I looked up the dictionary, and found "よう" and "わけ" are both grammatical nouns (形式体言). But why is the 接続 different?

Moreover, I found many sentence patterns have their own rules. Are there any universal rules which determine which form you should conjugate into?


2 Answers 2


It's because の emphasizes possession

AがBなわけだ → AがBであるわけだ

AがBのようだ → AがBの様子をしている

But の can also function as the copula, and ~であるよう can work, so both are viable. The meaning is just not as strong or obvious so the usage tends toward this.


This の is a particle joining two nouns and な is the describing form of the copula. As such, it is joining a sentence (ending in a noun or keiyōdōshi) with a noun. So in theory, の takes only the noun, but な the entire sentence.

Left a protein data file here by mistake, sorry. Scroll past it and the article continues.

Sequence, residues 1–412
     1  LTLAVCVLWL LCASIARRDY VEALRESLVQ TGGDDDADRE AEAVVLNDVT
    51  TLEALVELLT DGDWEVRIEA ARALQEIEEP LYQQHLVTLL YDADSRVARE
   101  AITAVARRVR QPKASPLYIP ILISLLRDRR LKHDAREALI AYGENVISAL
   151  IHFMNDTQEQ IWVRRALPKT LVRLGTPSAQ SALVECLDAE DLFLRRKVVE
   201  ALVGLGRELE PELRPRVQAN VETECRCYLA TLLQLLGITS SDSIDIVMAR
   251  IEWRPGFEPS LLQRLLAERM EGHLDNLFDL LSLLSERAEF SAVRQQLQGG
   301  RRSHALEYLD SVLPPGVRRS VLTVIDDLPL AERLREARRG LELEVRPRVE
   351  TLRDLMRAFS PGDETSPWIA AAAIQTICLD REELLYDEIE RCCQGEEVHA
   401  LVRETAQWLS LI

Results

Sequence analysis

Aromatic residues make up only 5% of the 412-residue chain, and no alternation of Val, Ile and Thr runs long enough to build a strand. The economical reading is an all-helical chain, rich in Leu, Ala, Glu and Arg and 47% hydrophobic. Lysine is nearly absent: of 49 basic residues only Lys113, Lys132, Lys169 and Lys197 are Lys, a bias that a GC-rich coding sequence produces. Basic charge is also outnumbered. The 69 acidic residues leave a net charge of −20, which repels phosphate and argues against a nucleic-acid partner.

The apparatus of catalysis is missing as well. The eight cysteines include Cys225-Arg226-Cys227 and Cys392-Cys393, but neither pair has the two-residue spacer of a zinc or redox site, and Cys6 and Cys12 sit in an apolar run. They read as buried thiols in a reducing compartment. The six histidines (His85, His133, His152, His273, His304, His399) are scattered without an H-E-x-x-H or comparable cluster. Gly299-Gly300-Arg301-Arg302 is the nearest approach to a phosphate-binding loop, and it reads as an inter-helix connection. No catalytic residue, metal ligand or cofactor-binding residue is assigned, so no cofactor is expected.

This difference between わけ and よう can be explained with the different meanings: わけ means something like "conclusion", as such, it only makes sense with a sentence modifying it. 魚のわけ "the conclusion of the fish" makes no sense, or at least not the one we want. It only makes sense with a sentence: それは魚なわけだ "the conclusion that it is a fish" or "that means it's a fish". When one has to translate よう with a noun, maybe "lookalike" would match. 魚のよう "lookalike of a fish" or "like a fish" with just the noun already makes sense. When used in a sentence like それは魚のようだ "that is like a fish" can also be parsed as それは[魚のよう]だ, instead of "(それは魚)のようだ".

But なよう is also possible, just not so frequent.

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